John Brennan, a patient at Spire Liverpool Hospital, has recovered the power to walk with the aid of crutches again thanks to a new shockwave treatment.
John was left unable to walk without crutches due to a condition called ‘plantar fasciitis’, a common condition in middle aged people who have had excessive walking, standing or sport-related careers.
Plantar fasciitis is a painful condition which affects the connective tissue that stretches between the heel and the middle of the foot. This is usually caused by overuse, injury or muscular abnormalities.
Following a consultation at Spire Liverpool Hospital, John took part in a new treatment being offered involving shockwave therapy.
The new technology is used to treat chronic tendon inflammation in the hip, knee, shoulder, elbow, Achilles and sole of the foot through a series of energetic shockwaves applied to the affected area.
Shockwave therapy uses a machine to deliver soundwaves to the painful area. Shockwaves mechanically breaks down the injured tissue and calcifications, leading to increased blood circulation and metabolism to accelerate the body’s natural healing processes.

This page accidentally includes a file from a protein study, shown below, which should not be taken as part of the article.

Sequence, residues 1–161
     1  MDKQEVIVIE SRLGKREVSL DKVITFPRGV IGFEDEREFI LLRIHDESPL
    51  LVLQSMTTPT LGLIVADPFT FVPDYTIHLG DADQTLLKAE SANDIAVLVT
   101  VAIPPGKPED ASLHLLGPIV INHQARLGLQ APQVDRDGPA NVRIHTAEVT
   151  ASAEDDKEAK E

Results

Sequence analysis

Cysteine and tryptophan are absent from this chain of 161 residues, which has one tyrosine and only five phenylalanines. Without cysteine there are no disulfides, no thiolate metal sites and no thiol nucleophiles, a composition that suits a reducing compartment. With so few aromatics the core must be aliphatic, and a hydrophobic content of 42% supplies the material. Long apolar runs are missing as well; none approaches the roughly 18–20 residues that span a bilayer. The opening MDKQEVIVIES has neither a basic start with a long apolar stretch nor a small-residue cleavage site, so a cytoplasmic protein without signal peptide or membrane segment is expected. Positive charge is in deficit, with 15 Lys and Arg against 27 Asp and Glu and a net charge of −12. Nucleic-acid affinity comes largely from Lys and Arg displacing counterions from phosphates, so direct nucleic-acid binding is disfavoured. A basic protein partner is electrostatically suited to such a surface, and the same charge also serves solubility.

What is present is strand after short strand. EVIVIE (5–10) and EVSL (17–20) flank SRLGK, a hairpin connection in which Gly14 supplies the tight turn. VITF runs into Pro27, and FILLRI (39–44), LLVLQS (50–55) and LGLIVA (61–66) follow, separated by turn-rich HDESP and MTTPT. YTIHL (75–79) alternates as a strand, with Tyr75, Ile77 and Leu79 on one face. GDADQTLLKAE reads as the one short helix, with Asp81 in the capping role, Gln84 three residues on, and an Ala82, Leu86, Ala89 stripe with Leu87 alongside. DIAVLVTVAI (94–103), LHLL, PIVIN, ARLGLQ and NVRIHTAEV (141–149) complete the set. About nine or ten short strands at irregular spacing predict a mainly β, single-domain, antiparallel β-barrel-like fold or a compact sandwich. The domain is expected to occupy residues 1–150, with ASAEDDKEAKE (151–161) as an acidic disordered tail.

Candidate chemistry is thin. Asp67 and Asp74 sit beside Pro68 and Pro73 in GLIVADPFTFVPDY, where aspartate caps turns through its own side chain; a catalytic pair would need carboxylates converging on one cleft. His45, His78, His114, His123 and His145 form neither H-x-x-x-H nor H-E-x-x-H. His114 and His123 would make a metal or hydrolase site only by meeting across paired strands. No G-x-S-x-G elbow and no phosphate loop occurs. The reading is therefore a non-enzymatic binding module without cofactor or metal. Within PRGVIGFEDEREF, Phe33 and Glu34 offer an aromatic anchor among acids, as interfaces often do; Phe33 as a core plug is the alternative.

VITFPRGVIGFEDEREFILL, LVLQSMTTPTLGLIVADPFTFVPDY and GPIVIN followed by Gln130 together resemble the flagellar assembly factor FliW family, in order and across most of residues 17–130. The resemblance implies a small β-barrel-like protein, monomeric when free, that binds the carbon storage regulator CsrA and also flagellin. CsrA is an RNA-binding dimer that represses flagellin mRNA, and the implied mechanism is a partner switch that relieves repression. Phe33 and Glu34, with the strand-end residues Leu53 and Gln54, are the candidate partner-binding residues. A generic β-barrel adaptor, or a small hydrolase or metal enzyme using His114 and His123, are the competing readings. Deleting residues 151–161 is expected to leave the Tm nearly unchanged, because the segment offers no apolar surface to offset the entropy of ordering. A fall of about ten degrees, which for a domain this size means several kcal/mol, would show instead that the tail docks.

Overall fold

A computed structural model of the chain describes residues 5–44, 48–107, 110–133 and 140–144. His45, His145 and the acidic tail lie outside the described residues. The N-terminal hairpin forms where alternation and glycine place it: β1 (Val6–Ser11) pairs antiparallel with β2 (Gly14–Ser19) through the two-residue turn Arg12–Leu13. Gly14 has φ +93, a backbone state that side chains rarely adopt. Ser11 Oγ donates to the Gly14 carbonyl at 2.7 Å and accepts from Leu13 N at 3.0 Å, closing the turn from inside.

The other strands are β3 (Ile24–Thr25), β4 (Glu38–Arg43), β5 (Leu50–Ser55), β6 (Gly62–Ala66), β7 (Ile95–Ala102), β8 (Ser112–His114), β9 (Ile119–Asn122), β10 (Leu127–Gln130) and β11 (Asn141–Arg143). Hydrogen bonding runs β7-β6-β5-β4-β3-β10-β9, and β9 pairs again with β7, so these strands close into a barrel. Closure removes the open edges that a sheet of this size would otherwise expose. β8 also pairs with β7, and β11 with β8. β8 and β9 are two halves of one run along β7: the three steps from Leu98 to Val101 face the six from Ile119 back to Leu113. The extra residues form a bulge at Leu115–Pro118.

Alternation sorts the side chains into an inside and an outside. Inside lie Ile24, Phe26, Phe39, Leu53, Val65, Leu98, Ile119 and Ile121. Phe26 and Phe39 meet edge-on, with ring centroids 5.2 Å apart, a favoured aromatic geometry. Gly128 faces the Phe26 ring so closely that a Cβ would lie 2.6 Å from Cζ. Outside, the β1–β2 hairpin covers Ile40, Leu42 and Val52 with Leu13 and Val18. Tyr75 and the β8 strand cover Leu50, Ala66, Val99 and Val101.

The National Institute for Health and Clinical Excellence (NICE) has issued full guidance to the NHS in England on shockwave therapy for refractory plantar fasciitis.
Orthopaedic Foot and Ankle Consultant Mr Eugene Toh introduced the non-invasive procedure at Spire Liverpool Hospital and Formby Clinic. Experts claim that the shockwave treatment creates micro-damage to the area, which inflames the tissue by reaching deep into the damaged area and kick-starts healing process.
John said: “Before I met with Mr Toh, I had tried a few different methods to cure the pain I was experiencing in my heel. When Mr Toh first suggested the radial shockwave therapy I was a bit apprehensive, but after being provided with the right information and reassurance from experts I was confident that the procedure was right for me.
“It took three sessions to get me back under my own steam and now I am able to walk without my crutches, which for me is a huge success. No other treatment has worked for me yet and I am so thankful to Mr Toh and the helpful staff at Spire for helping me back on my feet.”
Mr Toh, orthopaedic surgeon at Spire Liverpool Hospital who performed John’s shockwave therapy, said: “It is always great to hear positive feedback from our patients, I make it my priority to offer the best procedures to get patients back on their feet and back into their normal routine as soon as possible. Mr Brennon is a prime example of how a non-surgical procedure can be more effective than other, more invasive procedures.”
Radial shockwave therapy takes around five minutes on each impact area and no anaesthetic is required. Patients usually return after 14 days and continue the treatment until they see an improvement.